Jay Farrar says his band, Son Volt, has been a movable feast.
After several recent “famine” years, when the band’s recordings and performances have been few and far between, 2013 is a feast year for fans - the band released Honky Tonk on March 5 on Rounder Records.
And a tour brings the band back to Little Rock for the first time in years. (Previous appearances have been at Juanita’s and Stickyz, back when it was known as Sticky Fingerz.)
Farrar formed the band in 1994 after splitting from Uncle Tupelo, which he had formed in Belleville, Ill., across the Mississippi River from St. Louis.
He and co-leader Jeff Tweedy, like John Lennon and Paul McCartney of The Beatles, didn’t always see eye-to eye. Farrar took Uncle Tupelo drummer Mike Heidorn with him when he left, and has shuffled the band’s lineup numerous times since.
Son Volt’s 1995 debut album, Trace, helped the band make it onto the cover of the first issue of No Depression magazine, started by fans of the music that Farrar and others were creating. The music was labeled “country rock,” a term that eventually gave way to “alt country,” as well as “Americana” and “roots rock.”
The band followed up with Straightaways in 1997 and Wide Swing Tremelo in 1998. In 1999 Farrar announced a hiatus to pursue solo projects, which produced Sebastopol; The Slaughter Rule soundtrack; Terroir Blues; and a live CD/DVD,Stone, Steel & Bright Lights.
In 2005, the same year a new version of Son Volt appeared, the band’s original record label, Warner Bros., released A Retrospective: 1995-2000, which contained previously unissued versions of Son Volt songs plus cover versions of Farrar favorites, including songs by Big Star, Townes Van Zandt, Woody Guthrie, Leadbelly and Bruce Springsteen.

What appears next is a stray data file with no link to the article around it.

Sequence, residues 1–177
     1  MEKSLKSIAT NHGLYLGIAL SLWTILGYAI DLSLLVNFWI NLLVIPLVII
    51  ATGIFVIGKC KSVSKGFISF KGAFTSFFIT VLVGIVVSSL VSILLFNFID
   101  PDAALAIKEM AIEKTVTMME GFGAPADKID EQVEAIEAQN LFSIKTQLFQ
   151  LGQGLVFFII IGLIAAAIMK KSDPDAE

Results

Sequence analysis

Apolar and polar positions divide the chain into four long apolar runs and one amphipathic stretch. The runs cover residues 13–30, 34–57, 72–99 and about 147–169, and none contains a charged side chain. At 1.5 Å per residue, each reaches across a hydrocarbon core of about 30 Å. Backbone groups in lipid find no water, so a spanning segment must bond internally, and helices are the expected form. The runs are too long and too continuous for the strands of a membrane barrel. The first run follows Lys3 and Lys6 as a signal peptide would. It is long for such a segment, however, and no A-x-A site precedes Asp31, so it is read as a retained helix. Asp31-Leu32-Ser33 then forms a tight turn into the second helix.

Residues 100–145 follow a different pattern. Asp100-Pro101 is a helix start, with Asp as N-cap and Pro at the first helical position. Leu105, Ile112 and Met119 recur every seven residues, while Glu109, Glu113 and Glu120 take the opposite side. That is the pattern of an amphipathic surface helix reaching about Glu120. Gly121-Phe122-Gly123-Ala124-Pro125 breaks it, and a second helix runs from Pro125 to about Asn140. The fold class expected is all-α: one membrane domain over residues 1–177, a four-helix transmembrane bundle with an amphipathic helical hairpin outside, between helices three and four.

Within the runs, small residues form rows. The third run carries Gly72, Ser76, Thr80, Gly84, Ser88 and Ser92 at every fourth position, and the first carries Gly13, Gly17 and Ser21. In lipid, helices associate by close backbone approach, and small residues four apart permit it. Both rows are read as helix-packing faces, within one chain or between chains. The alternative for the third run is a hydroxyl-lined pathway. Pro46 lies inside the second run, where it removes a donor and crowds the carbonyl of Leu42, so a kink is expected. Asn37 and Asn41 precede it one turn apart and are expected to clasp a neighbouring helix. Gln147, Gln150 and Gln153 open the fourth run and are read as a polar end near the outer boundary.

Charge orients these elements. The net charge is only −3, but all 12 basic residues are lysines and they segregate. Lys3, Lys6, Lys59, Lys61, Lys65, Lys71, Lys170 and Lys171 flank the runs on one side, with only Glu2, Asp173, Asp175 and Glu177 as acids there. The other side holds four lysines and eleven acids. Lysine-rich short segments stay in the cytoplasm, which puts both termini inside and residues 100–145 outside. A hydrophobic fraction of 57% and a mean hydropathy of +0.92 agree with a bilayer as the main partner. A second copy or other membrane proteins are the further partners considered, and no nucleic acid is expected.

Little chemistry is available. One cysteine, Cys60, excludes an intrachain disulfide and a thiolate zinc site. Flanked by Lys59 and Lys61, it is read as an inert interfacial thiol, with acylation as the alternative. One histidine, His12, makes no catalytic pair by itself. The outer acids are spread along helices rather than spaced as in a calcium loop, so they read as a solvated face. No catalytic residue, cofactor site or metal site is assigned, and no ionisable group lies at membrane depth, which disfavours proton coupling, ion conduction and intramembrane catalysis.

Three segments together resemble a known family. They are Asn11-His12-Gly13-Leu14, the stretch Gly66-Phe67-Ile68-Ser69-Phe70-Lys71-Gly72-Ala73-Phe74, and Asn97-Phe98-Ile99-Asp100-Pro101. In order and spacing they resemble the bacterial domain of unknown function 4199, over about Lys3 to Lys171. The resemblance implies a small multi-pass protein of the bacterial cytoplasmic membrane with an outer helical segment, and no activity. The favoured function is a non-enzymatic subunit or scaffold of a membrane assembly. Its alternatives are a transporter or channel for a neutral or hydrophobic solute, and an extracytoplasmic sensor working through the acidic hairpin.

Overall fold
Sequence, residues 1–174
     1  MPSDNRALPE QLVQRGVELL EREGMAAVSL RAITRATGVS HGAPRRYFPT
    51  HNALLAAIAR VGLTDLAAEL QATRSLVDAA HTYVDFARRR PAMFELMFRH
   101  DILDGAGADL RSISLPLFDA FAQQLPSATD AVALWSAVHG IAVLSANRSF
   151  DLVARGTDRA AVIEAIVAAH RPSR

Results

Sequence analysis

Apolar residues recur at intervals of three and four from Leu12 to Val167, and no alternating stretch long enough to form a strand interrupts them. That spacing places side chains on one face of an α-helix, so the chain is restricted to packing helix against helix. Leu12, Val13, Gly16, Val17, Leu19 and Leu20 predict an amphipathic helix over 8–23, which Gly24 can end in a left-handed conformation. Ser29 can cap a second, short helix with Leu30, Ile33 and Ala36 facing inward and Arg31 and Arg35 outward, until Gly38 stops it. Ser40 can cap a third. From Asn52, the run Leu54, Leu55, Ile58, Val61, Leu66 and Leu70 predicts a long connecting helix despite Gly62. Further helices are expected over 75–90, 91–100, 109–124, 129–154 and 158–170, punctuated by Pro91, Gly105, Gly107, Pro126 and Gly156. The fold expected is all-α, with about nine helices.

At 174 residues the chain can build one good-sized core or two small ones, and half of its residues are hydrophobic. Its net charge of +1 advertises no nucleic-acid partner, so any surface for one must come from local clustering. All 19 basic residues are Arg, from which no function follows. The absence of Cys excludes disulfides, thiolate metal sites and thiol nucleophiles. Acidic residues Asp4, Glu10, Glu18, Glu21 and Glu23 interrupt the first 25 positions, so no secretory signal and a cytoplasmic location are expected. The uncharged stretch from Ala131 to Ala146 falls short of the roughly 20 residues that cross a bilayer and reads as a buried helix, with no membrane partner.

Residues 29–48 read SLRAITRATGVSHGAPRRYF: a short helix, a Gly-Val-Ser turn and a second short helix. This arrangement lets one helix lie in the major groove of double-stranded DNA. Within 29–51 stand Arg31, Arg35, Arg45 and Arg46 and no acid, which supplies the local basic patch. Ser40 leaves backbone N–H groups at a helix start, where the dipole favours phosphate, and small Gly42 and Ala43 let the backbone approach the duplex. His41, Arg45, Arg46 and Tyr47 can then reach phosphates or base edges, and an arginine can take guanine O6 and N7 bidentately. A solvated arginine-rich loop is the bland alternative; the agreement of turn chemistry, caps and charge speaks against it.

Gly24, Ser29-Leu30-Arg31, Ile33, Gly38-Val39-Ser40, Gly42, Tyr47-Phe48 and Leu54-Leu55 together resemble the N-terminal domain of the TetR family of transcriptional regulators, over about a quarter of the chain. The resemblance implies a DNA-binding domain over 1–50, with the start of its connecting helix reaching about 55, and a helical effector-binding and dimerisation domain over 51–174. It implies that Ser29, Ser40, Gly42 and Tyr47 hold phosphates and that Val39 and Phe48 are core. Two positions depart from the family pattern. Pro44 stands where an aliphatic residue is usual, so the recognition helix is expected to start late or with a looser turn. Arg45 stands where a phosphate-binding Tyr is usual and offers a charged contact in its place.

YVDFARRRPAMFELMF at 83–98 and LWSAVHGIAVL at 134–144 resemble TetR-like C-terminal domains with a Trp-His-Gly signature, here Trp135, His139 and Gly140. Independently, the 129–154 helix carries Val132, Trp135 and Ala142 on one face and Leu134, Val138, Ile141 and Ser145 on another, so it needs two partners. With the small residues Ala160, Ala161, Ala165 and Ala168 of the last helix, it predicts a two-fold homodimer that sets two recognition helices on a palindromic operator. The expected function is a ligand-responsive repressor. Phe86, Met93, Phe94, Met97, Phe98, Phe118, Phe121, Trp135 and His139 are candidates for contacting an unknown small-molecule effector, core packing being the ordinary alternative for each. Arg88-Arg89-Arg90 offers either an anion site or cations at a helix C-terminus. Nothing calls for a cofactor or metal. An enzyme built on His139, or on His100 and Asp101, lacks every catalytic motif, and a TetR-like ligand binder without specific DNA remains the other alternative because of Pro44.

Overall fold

Accompanying Farrar on Honky Tonk and on tour: Gary Hunt on fiddle, mandolin and electric guitar; Dave Bryson on drums and percussion; and Mark Spencer on keyboards and steel guitar. Andrew Duplantis, who was not on the album, is playing bass and providing backing vocals.
Bryson, Duplantis and Spencer also were on Son Volt recordings Okemah and the Melody of Riot in 2005, The Search in 2007 and American Central Dust in 2009.
In publicity materials supplied by his label, Farrar writes: “In the time between Son Volt records, I started learning pedal steel guitar. I play with a local band in St. Louis now and then, called Colonel Ford” (the opening act for this weekend’s Little Rock show).
“So I was immersed in honky tonk music, the Bakersfield sound, in particular. And it was almost second nature when I started writing the songs for this record.
“I was always averse to using certain words in songs, including ‘love’ and ‘heart.’ But I started using them on American Central Dust and now I guess the floodgates have opened.”
9 p.m. Saturday, Revolution Room, 300 President Clinton Ave., Little Rock
Opener: Colonel Ford (featuring members of Son Volt)
Tickets: $17 advance; $20 day of show
Weekend, Pages 35 on 09/26/2013
Print Headline: Rewired Son Volt ready to jolt the Rev Room